A.M. No. 111-MJ May 30, 1975
FELIX CARREON, complainant,
MUNICIPAL JUDGE BRUNO R. FLORES of Dinalupihan, Bataan, respondent.
The Court finds from the established facts, and circumstances of the case that respondent municipal judge is unfit for the office and therefore orders his separation from the service. Respondent judge's rendering a verdict of conviction against complainant for theft of about a cavan of palay could in no way be factually or legally justified, in that the essential elements of unlawful taking and that the property stolen belongs to another were lacking and the Court of Agrarian Relations in an earlier judgment (duly brought to respondent's attention as an exhibit for defense) as well as in its memorandum had relieved complainant (as agricultural lessee) from all liability for share rentals (the one cavan of palay) to the alleged offended party (landowner-lessor) since complainant had already delivered and deposited more palay for the landowner than he was legally obligated under their leasehold relation under the Land Reform Code. The charge of theft against complainant amounted to an impossible crime since he could not steal what entirely belonged to himself.
Complainant Felix Carreon, a farmer-tenant, filed on November 11,1968 the present complaint against respondent Judge Bruno R. Flores of the municipal court of Dinalupihan, Bataan for utter ignorance of the law and incompetence and manifest partiality in rendering a verdict of conviction finding complainant guilty of theft of a little more than one (1) cavan of palay valued at P25.00 and meting out a heavy imprisonment term therefor on the basis of a groundless criminal complaint filed against him by the landowner-lessor, Mayor Jose Payumo, Jr. of the same municipality of Dinalupihan through his Acting Chief of Police Jose G. Peñaflor for harassment purposes.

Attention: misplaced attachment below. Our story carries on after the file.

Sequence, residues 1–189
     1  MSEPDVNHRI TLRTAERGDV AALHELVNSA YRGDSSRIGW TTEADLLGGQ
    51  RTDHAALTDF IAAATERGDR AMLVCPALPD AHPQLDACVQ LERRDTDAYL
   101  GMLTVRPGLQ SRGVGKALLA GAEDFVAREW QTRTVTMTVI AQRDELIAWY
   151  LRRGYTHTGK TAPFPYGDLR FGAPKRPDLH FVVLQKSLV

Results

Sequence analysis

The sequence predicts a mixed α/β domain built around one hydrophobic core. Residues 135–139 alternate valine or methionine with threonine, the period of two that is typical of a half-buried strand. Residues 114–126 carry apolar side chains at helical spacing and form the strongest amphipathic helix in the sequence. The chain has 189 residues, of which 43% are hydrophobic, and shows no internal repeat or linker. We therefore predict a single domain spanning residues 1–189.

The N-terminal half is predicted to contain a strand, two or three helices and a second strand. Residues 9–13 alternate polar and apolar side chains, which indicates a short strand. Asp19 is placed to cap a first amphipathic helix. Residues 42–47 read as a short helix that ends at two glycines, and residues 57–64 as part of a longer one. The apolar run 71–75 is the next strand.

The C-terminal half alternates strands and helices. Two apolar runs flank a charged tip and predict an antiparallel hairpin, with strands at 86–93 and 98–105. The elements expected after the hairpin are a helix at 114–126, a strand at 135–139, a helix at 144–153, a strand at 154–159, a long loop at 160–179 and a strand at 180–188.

The original complaint dated and filed June 20, 1967 sworn to by the acting chief of police before respondent judge charged the complainant with attempted theft allegedly committed as follows:têñ.£îhqwâ£
That on or about 1:00 P.M. June 16, 1967 in Barrio Luacan, Dinalupihan, Bataan, Philippines, and within the jurisdiction of this Honorable Court the said accused did then and there willfully, unlawfully and feloniously, with intent of gain and without the knowledge and consent of the owner thereof, reaped and threshed five (5) cavans and two (2) gantas of palay worth P102.00 from the crops existing in the landholding of said owner and concealed the same from the owner with the intent of taking the same away and appropriate the same for his own benefit to the damage and prejudice of the owner Mayor Jose C. Payumo, Jr., in the said amount. The accused failed to execute all the acts necessary to consummate the crime of theft for reasons independent of his will, that is by timely discovery of his unlawful acts.1
Three days later on June 23, 1967, the same criminal complaint was amended to one of consummated theft charging that on June 16, 1967, herein complainant allegedly did "willfully and feloniously, with intent to gain and without the knowledge and consent of the owner thereof, thereby take, steal and carry away the eight (8) cavans of Milflor variety belonging to Mayor Jose C. Payumo, Jr., in the amount of ONE HUNDRED SIXTY (P160.00 PESOS Philippine Currency, to the damage and prejudice of the said owner."2
As background facts, it is undisputed that complainant as the share tenant of his landlord Mayor Jose Payumo, Jr. of Dinalupihan, Bataan over a two-hectare parcel of riceland situated at sitio Mangindon, barrio Luacan of the said town, gave notice on April 25, 1966 to the latter that effective the agricultural year 1966-1967 "panag-ulan" (wet) season, the agricultural leasehold system (in lieu of the share tenancy) would govern their relations, but that as Mayor Payumo refused to accede thereto notwithstanding the mediation conference held for the purpose at the office of the Agrarian Counsel, complainant petitioned on December 22, 1966 the Court of Agrarian Relations at Bataan for a declaration of establishment of the agricultural leasehold relationship between them and for the fixing of the leasehold rentals under the Land Reform Code.
After trial and hearing, the Court of Agrarian Relations presided by Judge Milagros German rendered its decision of November 29, 1967 in favor of complainant, as follows:
1. Declaring the relationship between complainant Carreon and landowner Mayor Payumo as one of "leasehold tenancy in lieu of share tenancy, beginning and effective the wet season of the agricultural year 1966-1967;"
2. Based on the average crop of the three preceding agricultural years as established by the trial and pursuant to section 34 of the Land Reform Code "fixing the leasehold rental on the landholding at 19 cavans and 1 ganta for the "panag-ulan" (wet season) crop and 18 cavans and 19 gantas for the "panag-araw" (dry season) crop," both to be paid by complainant to Mayor Payumo immediately after each harvest,